EDMONTON — It was the Year of the Defenceman at the NHL entry draft, but for the third straight year, the Edmonton Oilers focused on the man they believe is the best player, taking Russian forward Nail Yakupov with the No. 1 overall pick.
The swift, skilled five-foot-11, 190-pound winger for the Sarnia Sting of the Ontario Hockey League rated out as the consensus top pick in a middling crop this June.
He’ll fit well with the Oilers’ fleet of freshly minted Ferraris up front in Taylor Hall, Jordan Eberle and Ryan Nugent-Hopkins, along with the likes of Ales Hemsky and Magnus Paajarvi, who also have wheels and soft hands, even if Paajarvi hasn’t completely calibrated his scoring touch just yet.
For general manager Steve Tambellini and the Oilers, this is at once a safe and a risky pick. In a year in which a record eight of the top 10 first-round picks, and 13 of the top 30, were defencemen of all shapes and skill sets, adding yet more flash and speed to the Oilers’ impressive collection of forwards hardly seems inspired thinking.
If the mantra is take the best player at all costs, well Yakupov does seem destined to be a surefire NHL star, so there’s that.
But on a team whose front-end Ferraris are paired with an motley mix of defencemen from the used-car lot, by comparison, the chance to draft a Ryan Murray or a Griffin Reinhart had to have been tempting, if not the better option for a 29th-place club.
Murray, the all-rounder from the Everett Silvertips of the Western Hockey League precocious enough to play well for Canada at this year’s world hockey championship, received considerable attention from the Oilers brain trust.
It’s known that club president Kevin Lowe, a defenceman himself and the first player ever taken in the NHL draft by the Oilers in 1979, was very high on the six-foot-four, 205-pound Reinhart, whose stock in the draft rose as his junior team, the Oil Kings, moved deeper and deeper into the WHL playoffs and on to the Memorial Cup championship.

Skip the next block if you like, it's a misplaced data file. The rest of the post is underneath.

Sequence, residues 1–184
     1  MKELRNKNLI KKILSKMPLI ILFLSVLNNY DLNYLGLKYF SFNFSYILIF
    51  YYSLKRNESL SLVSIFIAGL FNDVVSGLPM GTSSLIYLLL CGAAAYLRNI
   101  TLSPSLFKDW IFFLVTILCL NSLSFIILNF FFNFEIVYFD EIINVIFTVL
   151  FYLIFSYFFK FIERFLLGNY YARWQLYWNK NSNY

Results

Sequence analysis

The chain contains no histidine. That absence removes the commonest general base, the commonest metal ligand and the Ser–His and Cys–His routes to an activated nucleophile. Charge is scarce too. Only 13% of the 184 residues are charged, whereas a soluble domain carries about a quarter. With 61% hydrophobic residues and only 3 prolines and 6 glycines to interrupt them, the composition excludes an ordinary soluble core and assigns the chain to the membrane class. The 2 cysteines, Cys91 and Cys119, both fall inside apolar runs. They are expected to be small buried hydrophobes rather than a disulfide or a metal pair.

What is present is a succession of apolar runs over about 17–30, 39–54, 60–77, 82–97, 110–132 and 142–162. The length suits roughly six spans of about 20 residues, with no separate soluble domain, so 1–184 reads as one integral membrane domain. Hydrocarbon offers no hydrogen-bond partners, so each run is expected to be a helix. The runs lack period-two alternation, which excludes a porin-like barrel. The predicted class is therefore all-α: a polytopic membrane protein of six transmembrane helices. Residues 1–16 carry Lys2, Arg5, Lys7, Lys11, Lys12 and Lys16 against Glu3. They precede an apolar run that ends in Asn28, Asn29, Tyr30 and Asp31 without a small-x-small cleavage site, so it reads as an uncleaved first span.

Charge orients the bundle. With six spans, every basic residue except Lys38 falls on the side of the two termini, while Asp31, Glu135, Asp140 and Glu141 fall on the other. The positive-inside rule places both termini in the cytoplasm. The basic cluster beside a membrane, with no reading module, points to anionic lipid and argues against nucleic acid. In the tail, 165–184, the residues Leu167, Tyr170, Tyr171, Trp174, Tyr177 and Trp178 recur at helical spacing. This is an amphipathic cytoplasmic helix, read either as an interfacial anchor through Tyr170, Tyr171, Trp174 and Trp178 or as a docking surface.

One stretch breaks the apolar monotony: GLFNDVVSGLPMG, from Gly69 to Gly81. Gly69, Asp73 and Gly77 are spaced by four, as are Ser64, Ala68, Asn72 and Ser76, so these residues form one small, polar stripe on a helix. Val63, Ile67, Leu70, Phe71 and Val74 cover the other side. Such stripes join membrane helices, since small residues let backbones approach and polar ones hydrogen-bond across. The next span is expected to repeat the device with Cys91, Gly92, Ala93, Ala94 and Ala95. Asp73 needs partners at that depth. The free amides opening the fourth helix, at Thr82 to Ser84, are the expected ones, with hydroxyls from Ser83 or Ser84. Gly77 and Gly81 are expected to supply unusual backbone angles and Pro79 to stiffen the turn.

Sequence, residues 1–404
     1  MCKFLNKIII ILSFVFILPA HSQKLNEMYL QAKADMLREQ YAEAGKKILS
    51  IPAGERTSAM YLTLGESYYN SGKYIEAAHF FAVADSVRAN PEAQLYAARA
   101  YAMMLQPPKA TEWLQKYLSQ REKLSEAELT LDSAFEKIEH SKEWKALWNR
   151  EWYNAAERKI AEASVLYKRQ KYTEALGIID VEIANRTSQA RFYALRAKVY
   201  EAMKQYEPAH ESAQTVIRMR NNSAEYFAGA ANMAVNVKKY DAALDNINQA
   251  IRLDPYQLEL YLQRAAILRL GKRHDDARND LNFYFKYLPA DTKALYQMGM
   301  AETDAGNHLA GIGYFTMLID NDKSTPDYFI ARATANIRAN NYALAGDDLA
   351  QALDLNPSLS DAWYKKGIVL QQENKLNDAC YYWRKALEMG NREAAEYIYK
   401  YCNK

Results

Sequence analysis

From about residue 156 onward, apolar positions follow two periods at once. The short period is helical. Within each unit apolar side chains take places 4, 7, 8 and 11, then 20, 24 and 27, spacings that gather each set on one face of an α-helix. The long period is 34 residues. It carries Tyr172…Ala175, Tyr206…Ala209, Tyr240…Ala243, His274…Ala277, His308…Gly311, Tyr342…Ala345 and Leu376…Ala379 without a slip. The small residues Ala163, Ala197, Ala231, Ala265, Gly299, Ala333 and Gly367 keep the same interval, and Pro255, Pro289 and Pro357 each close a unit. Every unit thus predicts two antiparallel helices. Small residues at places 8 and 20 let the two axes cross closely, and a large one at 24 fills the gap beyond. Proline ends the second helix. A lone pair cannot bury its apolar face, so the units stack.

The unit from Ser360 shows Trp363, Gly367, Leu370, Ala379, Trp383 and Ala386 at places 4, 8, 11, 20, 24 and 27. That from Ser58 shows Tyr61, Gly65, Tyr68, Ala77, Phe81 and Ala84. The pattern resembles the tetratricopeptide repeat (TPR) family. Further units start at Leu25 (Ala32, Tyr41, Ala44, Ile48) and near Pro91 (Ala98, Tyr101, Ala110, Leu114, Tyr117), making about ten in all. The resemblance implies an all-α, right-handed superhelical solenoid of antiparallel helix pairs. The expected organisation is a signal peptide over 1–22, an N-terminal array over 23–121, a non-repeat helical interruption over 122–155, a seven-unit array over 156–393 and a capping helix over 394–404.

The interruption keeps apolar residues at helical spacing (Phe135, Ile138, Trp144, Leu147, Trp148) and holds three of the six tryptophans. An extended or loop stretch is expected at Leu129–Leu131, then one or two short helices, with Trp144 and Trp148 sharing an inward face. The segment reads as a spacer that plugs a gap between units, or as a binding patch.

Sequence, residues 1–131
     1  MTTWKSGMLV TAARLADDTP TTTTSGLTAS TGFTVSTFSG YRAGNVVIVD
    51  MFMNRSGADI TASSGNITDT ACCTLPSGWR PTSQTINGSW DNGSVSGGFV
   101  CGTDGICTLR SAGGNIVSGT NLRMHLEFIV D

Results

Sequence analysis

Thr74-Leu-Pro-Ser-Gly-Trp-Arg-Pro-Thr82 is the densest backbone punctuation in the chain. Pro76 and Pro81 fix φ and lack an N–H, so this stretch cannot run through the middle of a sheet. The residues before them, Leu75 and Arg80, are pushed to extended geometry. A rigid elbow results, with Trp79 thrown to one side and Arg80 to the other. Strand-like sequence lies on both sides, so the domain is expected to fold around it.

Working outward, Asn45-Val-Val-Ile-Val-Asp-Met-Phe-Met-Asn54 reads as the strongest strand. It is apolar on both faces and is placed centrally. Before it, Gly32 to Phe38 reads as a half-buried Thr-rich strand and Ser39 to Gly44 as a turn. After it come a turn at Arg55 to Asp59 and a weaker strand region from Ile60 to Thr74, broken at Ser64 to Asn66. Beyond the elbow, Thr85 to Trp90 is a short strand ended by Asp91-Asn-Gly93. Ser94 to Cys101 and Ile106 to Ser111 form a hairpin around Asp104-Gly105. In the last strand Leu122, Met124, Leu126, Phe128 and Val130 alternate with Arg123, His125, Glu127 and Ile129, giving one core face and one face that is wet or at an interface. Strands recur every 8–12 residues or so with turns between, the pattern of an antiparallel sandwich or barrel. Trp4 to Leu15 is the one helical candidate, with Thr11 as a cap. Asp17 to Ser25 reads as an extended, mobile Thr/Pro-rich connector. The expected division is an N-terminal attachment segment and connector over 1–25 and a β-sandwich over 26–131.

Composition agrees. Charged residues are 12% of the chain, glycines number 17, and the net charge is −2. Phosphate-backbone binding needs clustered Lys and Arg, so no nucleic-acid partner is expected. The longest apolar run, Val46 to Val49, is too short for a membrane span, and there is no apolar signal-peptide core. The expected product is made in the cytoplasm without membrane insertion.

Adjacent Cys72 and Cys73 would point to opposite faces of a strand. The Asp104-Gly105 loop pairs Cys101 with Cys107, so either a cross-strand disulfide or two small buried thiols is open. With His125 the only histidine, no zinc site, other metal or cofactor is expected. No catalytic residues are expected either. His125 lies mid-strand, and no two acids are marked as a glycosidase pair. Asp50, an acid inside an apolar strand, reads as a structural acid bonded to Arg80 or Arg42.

Lowe was taken 21st and last in the same draft as Paul Reinhart, Griffin’s dad, a draft class that included defencemen Rob Ramage, Craig Hartsburg, Keith Brown, Raymond Bourque and Mike Ramsay, all of them in the top 12.
For Lowe, the younger Reinhart reminded him of Paul, a skilled, savvy, smooth-skating defenceman in all but one respect: Griffin has size, a value-added quality that separated him from most of the elite defencemen available in this draft.
Anyway, Murray went second to the Columbus Blue Jackets and Reinhart went fourth to the New York Islanders. Expect to see Reinhart back with the Oil Kings and playing for Canada at the world junior championship. He just turned 18 in January.
Now, it’s not as if the Oilers have an empty pipeline of prospects on defence. They recently signed Swedish defenceman Oscar Klefbom, who starred for his country at the recent world junior.
Three other Oilers defence prospects — Martin Marincin, David Musil and Martin Gernat — also played at the WJC and have shown great promise in junior. None of them is close to joining the Oilers, although Klefbom may well make the jump in 2013-14.
The Oilers are jostling for position in the free-agent derby to sign puck-moving, power-play quarterbacking defenceman Justin Schultz. He’s the U.S. college star from the University of Wisconsin who has chosen not to sign with the Anaheim Ducks, the team that drafted him 43rd overall in 2008.
The Oilers also have the likes of flashy winger Linus Omark, and perhaps Sam Gagner, to package with other assets to try to upgrade on the back end in the off-season. Free agency might offer some help on defence.
They do have options, which is a good thing, given their highly suspect defence corps.
They also have former head coach Craig MacTavish back on the payroll, as vice-president of hockey operations. Never mind his scouting talent or his administrative magic, I’d get MacTavish back on the ice, schooling Nugent-Hopkins and Gagner, if he sticks around, in the crucial art of winning faceoffs.
The current Oilers can spend great gobs of energy-sapping time chasing the puck and trying to defend in their own zone. With the speed and skill they have upfront, once they manage the often painful process of navigating their way out of their own end, they’ll be dynamite on the rush.
Oh, no doubt about it.
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